About 

  • Clarissa Ward is CNN's chief international correspondent based in London.

    For more than 15 years Ward has reported from front lines across the world from Syria, Iraq, Afghanistan and Yemen to Georgia -- during the Russian incursion in 2008 -- and Ukraine.

    In February 2019 Ward got unprecedented access to Taliban-controlled territory in Afghanistan for an exclusive report, '36 Hours with the Taliban.' Ward and CNN field producer Salma Abdelaziz spent time at a local madrasa, where dozens of children -- boys and girls -- pored over their Qurans, reciting verses as they rocked back and forth, and a Taliban-run clinic in the village of Pashma Qala, where a contraception poster hung on the wall.

    Last fall Ward fronted a CNN investigation into the rise of anti-Semitism in Europe, traveling to Poland, Germany and France to see how these countries are tackling this rise of anti-Semitic incidents and stereotypes. She also visited Auschwitz and interviewed Edith Eger, a survivor of the death camp who has dedicated her life to educating others about the atrocities of the Holocaust.

    In 2017 she gained rare access to war-stricken Yemen, where she witnessed an unprecedented -- and man-made -- humanitarian crisis with a healthcare system on the brink of collapse. She reported from Bangladesh on the distressing humanitarian situation with the Rohingya Muslims, including systematic rape of Rohingya women by the Myanmar military.

    Ward also traveled to Greenland -- including Helheim Glacier and Summit Station -- as well as key coastal cities in the U.S. to see firsthand the changes taking place in the Arctic, and how those changes are impacting U.S. coastlines for a CNN special 'Global Warning: Arctic Melt.'

    She has won multiple awards for her reporting: Two George Foster Peabody Awards, one of which she received for her 2016 series, 'Undercover in Syria'; an Alfred I. duPont-Columbia Award; five Emmy Awards, including one this year for her 2017 special report, 'Syria: Gasping for Life in Khan Sheikhoun'; two Edward R. Murrow Awards for distinguished journalism; honors from the Radio and Television Correspondents' Association; and the 2017 David Kaplan Award from the Overseas Press Club for 'Undercover in Syria.'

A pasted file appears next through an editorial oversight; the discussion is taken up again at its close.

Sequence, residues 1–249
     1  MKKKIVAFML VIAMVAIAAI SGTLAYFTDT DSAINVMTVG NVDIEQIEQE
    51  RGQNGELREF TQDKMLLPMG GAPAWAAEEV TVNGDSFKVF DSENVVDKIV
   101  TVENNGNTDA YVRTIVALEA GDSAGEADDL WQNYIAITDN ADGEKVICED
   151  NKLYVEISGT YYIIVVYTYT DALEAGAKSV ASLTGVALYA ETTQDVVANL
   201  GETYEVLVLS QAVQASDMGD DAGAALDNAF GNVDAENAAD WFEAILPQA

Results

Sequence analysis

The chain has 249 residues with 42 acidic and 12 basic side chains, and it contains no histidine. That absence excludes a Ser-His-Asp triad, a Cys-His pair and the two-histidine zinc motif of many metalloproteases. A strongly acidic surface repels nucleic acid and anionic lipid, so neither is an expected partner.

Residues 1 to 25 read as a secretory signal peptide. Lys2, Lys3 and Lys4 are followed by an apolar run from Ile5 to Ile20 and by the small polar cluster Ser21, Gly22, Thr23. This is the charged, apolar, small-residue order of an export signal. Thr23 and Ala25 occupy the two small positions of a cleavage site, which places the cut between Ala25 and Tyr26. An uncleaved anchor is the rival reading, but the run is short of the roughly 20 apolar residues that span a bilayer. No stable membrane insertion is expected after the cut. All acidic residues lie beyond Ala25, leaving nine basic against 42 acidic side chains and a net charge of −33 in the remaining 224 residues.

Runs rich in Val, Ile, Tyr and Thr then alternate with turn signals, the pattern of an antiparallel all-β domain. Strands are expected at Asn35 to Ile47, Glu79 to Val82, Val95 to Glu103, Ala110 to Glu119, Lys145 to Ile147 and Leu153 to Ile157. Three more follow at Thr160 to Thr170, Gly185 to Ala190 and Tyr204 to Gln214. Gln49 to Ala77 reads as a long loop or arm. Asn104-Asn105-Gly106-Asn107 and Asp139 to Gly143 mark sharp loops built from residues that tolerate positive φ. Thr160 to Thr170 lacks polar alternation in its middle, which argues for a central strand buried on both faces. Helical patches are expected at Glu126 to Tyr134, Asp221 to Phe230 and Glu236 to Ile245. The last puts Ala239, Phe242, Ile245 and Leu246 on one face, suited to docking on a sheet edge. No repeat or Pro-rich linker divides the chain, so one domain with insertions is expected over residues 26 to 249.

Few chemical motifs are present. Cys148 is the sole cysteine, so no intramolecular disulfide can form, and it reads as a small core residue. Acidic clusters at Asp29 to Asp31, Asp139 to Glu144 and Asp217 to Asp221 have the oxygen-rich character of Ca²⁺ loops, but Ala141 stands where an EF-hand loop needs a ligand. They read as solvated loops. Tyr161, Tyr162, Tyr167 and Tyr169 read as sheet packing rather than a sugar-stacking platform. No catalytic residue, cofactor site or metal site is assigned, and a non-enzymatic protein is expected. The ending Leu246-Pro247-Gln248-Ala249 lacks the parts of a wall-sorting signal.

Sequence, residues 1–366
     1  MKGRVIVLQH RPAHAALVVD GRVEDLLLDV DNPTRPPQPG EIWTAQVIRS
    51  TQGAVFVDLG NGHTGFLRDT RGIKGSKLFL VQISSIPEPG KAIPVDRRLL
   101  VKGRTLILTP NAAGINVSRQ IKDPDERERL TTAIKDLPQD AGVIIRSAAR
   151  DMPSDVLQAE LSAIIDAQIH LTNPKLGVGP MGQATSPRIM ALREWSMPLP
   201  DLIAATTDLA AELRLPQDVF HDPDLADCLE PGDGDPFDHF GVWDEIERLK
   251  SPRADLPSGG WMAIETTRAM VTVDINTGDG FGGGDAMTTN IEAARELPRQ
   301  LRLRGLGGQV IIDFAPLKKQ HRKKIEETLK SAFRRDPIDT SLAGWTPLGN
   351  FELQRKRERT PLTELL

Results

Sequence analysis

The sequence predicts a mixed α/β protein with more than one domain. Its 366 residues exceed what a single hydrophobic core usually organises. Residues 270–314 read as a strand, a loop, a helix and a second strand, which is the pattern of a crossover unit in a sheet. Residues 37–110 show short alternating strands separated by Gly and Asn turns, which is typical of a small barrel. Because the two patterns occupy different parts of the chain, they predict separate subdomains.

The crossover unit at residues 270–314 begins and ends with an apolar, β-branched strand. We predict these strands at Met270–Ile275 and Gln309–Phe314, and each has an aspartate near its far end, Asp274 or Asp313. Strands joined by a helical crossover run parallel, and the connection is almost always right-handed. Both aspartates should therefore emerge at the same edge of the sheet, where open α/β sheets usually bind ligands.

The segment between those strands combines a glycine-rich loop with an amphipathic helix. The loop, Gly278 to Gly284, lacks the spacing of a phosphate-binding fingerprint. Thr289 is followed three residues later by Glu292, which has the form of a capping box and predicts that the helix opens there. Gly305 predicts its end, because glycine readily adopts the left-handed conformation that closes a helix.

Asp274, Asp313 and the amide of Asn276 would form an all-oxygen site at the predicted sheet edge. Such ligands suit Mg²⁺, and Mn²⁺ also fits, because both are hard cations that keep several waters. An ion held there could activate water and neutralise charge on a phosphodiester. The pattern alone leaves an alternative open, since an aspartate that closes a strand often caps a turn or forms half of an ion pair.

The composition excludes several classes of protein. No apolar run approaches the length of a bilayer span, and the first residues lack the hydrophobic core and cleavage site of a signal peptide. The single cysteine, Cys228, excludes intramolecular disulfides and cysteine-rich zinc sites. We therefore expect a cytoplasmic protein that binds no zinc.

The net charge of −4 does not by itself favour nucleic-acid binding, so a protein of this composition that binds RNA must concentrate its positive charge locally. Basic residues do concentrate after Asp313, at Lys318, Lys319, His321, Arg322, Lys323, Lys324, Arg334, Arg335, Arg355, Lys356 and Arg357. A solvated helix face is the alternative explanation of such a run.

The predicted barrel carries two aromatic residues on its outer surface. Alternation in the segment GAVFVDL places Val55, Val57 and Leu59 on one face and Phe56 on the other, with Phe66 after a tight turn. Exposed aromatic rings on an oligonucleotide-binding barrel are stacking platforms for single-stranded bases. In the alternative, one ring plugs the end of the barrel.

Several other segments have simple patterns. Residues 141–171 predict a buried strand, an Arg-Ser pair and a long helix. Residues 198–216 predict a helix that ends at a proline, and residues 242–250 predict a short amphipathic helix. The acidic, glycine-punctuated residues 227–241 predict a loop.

In November 2016 she received the prestigious Excellence in International Reporting Award from the International Center for Journalists (ICFJ) for her outstanding war reporting in hotspots like Iraq and Syria.

    She traveled undercover to rebel-held areas in Syria -- where almost no Western journalists had visited in over a year -- in late February 2016 to report on what life is like there under the bombs. Less than 24 hours after arriving, Ward witnessed an airstrike that left 11 dead. The entire 'Undercover in Syria' series of exclusive, award-winning reports from behind rebel lines can be found here. To date, 'Undercover in Syria' has been recognized with a Peabody Award, an Edward R. Murrow Award for 'News Series' and the Overseas Press Club's David Kaplan Award.

    Given her extensive reporting in Syria and the ongoing crisis there, Ward was asked to address a UN Security Council meeting on the embattled Syrian city of Aleppo in August 2016, stating "there are no winners in Aleppo."

    Additionally, Ward reported extensively on the November 2015 terror attacks in Paris -- contributing to CNN's award for Best Breaking News Coverage from the Royal Television Society (RTS) -- and subsequent terrorist attacks in Brussels and Nice in 2016, and Manchester in 2017.

    Following the Brussels attack, Ward began an almost year-long investigation of a Belgian altar boy who joined ISIS in Syria and then returned home to Belgium. 'ISIS: Behind the Mask' -- Ward's first primetime special for CNN -- gives a rare, unfiltered look at the life and mind of a foreign fighter after leaving Syria.

    In September 2015 Ward joined CNN from CBS News, where she served as a foreign correspondent for four years and contributed regularly to '60 Minutes.'

    On an undercover assignment to Syria in 2014, she interviewed two Western fighters about why they joined the jihad there. One of the jihadists was a young Somali-American from the Midwest, making Ward the only Western journalist to have interviewed an American jihadist fighter inside Syria since the start of the civil war.

    Before joining CBS Ward spent two years in Moscow and two years in Beijing for ABC News. She covered the 2011 earthquake and tsunami in Japan and the 2008 global food crisis, where her coverage received an Emmy Award for Business and Financial Reporting.

    Ward's career in journalism started in 2002 as an intern at CNN's Moscow bureau. She has since been based in Baghdad, Beijing, Beirut, Moscow, New York and London.

    Ward speaks fluent French and Italian, conversational Russian, Arabic and Spanish and basic Mandarin. She graduated with distinction from Yale University, and in 2013 received an Honorary Doctor of Letters degree from Middlebury College in Vermont.